Federal Researchers Developing New Spoof-Proof Email Security System


The goal is to build an email encryption system, and then demonstrate to federal agencies and businesses how they can use it.

About a month after the Office of Personnel Management notified employees about a recent hack, the federal government is ramping up research and development of secure email systems. 

The National Institute of Standards and Technology is designing a “security platform” to authenticate mail servers using crytographic keys. The platform would let individual users encrypt emails.

The system aims to “provide Internet users confidence that entities to which they believe they are connecting are the entities to which they are actually connecting," according to a NIST draft report on the topic. A subpar system, the draft said, could result in "unauthorized parties being able to read or modify supposedly secure information, or to use email as a vector for inserting malware into the system," among other consequences. The draft report is open for comment until Aug. 14, 2015. 

NIST soon plans to issue Federal Register notices to vendors developing individual parts of the end-to-end system, Curt Barker, a NIST adviser, told Nextgov.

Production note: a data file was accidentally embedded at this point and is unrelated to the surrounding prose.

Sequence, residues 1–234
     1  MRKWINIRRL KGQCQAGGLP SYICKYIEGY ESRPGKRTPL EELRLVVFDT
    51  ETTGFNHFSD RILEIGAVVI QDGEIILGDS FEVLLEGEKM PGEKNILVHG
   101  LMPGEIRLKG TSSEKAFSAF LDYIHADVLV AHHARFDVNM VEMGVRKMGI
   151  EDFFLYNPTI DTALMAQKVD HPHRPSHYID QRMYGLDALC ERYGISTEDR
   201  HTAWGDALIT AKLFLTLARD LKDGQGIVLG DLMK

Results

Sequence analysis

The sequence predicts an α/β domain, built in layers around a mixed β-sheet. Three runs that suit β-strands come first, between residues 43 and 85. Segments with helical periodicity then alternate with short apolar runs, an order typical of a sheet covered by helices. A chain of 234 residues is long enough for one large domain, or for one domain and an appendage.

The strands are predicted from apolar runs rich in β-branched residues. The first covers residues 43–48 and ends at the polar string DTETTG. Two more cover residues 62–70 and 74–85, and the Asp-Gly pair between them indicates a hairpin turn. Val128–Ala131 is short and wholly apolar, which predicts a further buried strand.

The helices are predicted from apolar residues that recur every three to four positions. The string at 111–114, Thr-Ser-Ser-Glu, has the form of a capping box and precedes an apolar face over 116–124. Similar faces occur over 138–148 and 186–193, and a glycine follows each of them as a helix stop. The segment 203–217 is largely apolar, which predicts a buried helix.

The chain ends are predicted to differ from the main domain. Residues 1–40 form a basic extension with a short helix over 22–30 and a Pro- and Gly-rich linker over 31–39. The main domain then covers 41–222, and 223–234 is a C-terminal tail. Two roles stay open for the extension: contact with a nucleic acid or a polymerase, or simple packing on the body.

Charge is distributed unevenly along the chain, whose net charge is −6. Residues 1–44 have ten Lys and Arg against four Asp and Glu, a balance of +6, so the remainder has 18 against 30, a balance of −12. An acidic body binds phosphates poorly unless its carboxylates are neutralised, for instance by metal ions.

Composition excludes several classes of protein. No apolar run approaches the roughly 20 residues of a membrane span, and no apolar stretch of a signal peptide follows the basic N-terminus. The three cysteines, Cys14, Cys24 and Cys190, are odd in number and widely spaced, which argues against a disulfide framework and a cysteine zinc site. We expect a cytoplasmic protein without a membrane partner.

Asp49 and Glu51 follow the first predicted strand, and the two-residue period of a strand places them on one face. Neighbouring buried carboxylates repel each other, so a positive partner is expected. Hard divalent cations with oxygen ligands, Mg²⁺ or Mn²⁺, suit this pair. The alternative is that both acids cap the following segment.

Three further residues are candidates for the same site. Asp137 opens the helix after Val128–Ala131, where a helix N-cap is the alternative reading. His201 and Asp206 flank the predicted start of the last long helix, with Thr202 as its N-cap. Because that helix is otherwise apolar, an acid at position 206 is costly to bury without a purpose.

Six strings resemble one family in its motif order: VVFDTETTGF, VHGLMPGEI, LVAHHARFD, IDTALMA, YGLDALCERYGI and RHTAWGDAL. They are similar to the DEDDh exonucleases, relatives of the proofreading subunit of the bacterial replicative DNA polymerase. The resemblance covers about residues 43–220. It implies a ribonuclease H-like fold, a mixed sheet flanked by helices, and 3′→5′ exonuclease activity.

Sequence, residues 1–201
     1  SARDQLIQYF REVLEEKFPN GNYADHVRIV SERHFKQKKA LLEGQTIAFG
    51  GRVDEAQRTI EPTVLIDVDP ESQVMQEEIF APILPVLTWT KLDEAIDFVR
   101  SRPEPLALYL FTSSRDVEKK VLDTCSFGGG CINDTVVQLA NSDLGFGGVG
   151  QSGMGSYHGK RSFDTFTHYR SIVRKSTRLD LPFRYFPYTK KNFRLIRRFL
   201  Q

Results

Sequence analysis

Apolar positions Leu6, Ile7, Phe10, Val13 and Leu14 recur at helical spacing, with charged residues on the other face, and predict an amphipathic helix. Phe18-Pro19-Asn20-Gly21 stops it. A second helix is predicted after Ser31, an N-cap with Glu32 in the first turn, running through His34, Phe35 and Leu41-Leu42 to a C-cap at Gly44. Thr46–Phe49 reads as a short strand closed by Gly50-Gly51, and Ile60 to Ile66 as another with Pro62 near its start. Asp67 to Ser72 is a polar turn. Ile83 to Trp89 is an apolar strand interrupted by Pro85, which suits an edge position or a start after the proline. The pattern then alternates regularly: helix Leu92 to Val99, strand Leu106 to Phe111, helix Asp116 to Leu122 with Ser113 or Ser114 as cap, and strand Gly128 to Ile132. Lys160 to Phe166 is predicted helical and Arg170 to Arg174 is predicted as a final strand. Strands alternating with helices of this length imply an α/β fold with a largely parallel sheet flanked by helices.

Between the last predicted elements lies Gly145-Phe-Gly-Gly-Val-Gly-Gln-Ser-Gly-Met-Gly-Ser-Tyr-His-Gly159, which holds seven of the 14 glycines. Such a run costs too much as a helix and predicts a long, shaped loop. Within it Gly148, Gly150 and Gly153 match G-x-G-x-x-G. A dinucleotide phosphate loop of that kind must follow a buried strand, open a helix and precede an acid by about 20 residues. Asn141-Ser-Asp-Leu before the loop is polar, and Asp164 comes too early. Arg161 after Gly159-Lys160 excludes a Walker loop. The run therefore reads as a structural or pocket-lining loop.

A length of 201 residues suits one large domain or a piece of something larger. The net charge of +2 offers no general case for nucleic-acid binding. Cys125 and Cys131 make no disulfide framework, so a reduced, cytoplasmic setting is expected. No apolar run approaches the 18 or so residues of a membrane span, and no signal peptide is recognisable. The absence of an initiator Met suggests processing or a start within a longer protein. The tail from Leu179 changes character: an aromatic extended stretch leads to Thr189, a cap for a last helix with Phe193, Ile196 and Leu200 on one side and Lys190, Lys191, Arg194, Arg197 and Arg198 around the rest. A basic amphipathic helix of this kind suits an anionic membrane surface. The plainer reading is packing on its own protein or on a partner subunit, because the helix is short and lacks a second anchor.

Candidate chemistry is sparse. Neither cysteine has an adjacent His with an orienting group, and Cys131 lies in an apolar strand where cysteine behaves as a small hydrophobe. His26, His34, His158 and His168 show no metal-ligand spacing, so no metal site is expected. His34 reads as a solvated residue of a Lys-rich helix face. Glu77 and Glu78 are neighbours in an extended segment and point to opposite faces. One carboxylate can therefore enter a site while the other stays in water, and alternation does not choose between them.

Though he declined to share the names of specific companies, he said NIST has identified vendors for the "office automation environment," and "server-based electronic mail security products," among other components. Barker said he hopes those notices are issued in the next couple weeks, so NIST and the vendors can start collaborating on a system that can be demonstrated to federal agencies and to private sector organizations. 

Those vendors will be asked to participate in a "collaborative relationship" with NIST, without being directly compensated, he said. 

The group is "taking commercial, 'off the shelf' components and composing solutions using those components so that we can demonstrate to the potential users and . . . cybersecurity technology providers, 'Yes, this is practical and scalable,'" Barker said. 

Though many of the components of this new email security system are on the market individually today, "it really hasn’t been composed into a demonstrable and scalable product at this stage," according to Barker. 

The goal of the project, he said, is to build an email encryption system and then demonstrate to users that "they can integrate the security platform into an existing system," even if they plan to get the components from other vendors. 

And though NIST has been working on this project for about a year, Barker said, recent reports of federal data breaches have "upped the sense of urgency on a couple of our projects."

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